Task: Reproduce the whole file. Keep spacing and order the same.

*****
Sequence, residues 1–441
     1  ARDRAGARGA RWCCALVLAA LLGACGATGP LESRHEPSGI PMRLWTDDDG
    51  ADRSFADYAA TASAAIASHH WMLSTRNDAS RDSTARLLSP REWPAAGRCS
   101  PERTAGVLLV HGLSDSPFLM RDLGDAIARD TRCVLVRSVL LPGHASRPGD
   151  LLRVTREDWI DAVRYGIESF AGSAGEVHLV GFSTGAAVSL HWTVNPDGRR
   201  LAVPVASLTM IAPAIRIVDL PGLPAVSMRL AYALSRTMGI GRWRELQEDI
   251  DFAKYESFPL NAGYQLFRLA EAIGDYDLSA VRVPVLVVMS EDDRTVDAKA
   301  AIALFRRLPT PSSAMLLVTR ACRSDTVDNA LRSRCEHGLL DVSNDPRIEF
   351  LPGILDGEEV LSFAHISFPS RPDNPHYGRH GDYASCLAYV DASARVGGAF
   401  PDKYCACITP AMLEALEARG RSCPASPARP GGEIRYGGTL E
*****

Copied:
Sequence, residues 1–441
     1  ARDRAGARGA RWCCALVLAA LLGACGATGP LESRHEPSGI PMRLWTDDDG
    51  ADRSFADYAA TASAAIASHH WMLSTRNDAS RDSTARLLSP REWPAAGRCS
   101  PERTAGVLLV HGLSDSPFLM RDLGDAIARD TRCVLVRSVL LPGHASRPGD
   151  LLRVTREDWI DAVRYGIESF AGSAGEVHLV GFSTGAAVSL HWTVNPDGRR
   201  LAVPVASLTM IAPAIRIVDL PGLPAVSMRL AYALSRTMGI GRWRELQEDI
   251  DFAKYESFPL NAGYQLFRLA EAIGDYDLSA VRVPVLVVMS EDDRTVDAKA
   301  AIALFRRLPT PSSAMLLVTR ACRSDTVDNA LRSRCEHGLL DVSNDPRIEF
   351  LPGILDGEEV LSFAHISFPS RPDNPHYGRH GDYASCLAYV DASARVGGAF
   401  PDKYCACITP AMLEALEARG RSCPASPARP GGEIRYGGTL E